The Bank of Japan (BOJ) launched a new 30 trillion-yen ($279 billion) lending program at an emergency meeting to support small businesses struggling with the pandemic.
The Bank of Japan's response to the Corona pandemic has now reached a total of 75 trillion yen, the BOJ said in its monetary policy statement on Friday.
The total volume of the Japanese government's benchmark stimulus package in response to the pandemic was 117 trillion yen.
Like other lending programs launched by the Central Bank of Japan to cope with the repercussions of the pandemic, the new facility will encourage corporate lending by offering the Bank of Japan interest-free loans to commercial banks for one year, in turn providing loans to small and medium-sized financial institutions.
This lending plan is scheduled to remain in force mainly until March 2021, funded by the Bank of Japan and managed by commercial banks.
The BOJ kept the interest rate unchanged at 0.1 percent and asset purchase policy unchanged.
More to mention, BOJ has stated that Central Bank Governor Haruhiko Kuroda will not hold a press conference.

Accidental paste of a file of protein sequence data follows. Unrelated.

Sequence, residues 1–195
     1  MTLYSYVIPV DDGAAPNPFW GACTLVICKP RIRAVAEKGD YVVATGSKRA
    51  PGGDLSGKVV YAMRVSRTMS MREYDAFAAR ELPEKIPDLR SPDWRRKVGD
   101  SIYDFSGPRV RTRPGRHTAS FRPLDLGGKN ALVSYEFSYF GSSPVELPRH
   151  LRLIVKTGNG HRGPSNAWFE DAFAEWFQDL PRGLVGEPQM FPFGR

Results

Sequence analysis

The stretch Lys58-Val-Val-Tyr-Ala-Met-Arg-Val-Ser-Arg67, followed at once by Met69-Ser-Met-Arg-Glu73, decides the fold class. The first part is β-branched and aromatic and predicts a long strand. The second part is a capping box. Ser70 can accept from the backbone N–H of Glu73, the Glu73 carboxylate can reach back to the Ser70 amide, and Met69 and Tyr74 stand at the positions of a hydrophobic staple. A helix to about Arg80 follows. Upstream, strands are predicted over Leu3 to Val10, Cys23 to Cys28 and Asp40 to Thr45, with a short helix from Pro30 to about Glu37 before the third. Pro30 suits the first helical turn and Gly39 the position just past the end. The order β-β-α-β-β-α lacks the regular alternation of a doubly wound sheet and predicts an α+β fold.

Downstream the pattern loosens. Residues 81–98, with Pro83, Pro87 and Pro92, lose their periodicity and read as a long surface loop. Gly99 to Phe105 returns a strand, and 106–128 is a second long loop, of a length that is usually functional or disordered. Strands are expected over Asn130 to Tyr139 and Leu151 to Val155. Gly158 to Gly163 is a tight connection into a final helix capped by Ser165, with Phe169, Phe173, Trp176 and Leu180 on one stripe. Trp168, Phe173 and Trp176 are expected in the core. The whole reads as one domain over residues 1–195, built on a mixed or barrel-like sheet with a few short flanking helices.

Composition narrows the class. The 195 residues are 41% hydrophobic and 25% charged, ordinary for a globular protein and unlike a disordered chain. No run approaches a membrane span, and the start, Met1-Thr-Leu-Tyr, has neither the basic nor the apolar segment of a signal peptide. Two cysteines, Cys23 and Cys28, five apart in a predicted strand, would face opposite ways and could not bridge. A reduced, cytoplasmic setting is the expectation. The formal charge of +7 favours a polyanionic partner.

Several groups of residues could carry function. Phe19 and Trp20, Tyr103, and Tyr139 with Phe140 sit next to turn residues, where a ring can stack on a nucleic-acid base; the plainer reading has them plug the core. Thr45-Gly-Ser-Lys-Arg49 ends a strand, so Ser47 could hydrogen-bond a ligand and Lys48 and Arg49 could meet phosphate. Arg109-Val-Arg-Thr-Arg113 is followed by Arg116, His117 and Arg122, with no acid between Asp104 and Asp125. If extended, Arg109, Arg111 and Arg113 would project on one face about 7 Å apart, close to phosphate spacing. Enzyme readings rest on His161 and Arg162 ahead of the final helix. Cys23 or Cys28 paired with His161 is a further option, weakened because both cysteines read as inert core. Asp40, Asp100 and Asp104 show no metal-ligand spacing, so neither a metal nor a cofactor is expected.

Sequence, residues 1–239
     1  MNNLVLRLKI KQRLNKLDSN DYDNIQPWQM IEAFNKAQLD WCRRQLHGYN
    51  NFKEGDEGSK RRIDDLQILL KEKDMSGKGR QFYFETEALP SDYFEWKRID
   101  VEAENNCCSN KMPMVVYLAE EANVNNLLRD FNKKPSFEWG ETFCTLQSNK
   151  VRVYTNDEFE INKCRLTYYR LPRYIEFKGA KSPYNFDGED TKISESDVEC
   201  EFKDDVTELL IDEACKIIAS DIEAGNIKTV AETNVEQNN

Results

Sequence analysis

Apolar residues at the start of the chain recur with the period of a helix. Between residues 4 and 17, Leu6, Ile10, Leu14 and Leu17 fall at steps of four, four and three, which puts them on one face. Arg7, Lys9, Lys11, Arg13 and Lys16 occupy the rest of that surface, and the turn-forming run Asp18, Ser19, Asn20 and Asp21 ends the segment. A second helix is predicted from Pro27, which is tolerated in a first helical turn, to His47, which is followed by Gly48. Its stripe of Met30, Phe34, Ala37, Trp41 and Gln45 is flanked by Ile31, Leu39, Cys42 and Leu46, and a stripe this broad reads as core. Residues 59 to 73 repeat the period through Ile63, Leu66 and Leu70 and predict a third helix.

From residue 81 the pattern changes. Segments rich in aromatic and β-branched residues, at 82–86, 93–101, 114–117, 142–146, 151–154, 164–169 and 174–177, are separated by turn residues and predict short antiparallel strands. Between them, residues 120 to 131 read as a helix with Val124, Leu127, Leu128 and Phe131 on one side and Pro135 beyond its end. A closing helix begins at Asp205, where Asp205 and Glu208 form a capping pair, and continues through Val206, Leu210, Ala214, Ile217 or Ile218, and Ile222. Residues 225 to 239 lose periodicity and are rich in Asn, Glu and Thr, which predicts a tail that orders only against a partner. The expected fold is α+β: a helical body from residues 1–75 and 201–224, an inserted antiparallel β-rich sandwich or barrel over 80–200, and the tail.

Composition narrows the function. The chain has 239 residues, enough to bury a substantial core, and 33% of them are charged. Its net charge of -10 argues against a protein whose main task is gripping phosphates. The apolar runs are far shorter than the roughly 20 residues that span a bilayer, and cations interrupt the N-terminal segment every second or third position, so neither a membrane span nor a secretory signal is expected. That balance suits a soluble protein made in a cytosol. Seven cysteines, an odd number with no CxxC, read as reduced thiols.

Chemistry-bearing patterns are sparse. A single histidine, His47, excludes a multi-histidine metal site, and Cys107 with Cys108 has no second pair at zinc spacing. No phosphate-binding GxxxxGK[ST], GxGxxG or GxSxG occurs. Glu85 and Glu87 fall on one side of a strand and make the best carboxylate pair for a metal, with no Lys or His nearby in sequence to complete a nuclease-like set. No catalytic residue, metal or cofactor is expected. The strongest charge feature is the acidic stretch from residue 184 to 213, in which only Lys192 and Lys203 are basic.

It should be noted that today's economic data showed that consumer prices in Japan contracted for the first time in more than three years.
Data from Japan’s National Bureau of Statistics showed that the annual consumer price index (CPJ) slowed again in April, with the index growing by only 0.1 percent against a forecast of 0.2 percent growth and an earlier reading of 0.4 percent.
National inflation also fell strongly during the same period, marking its first negative value since 2016 with an estimated 0.2 percent contraction. The national consumer price index excluding food prices contracted by 0.1 percent compared to a previous reading of 0.4 percent.
As of 10:02 GMT, the
Japanese yen rose against the U.S dollar by 0.11 percent at 107.50, while the highest
level recorded during the session was at 107.77.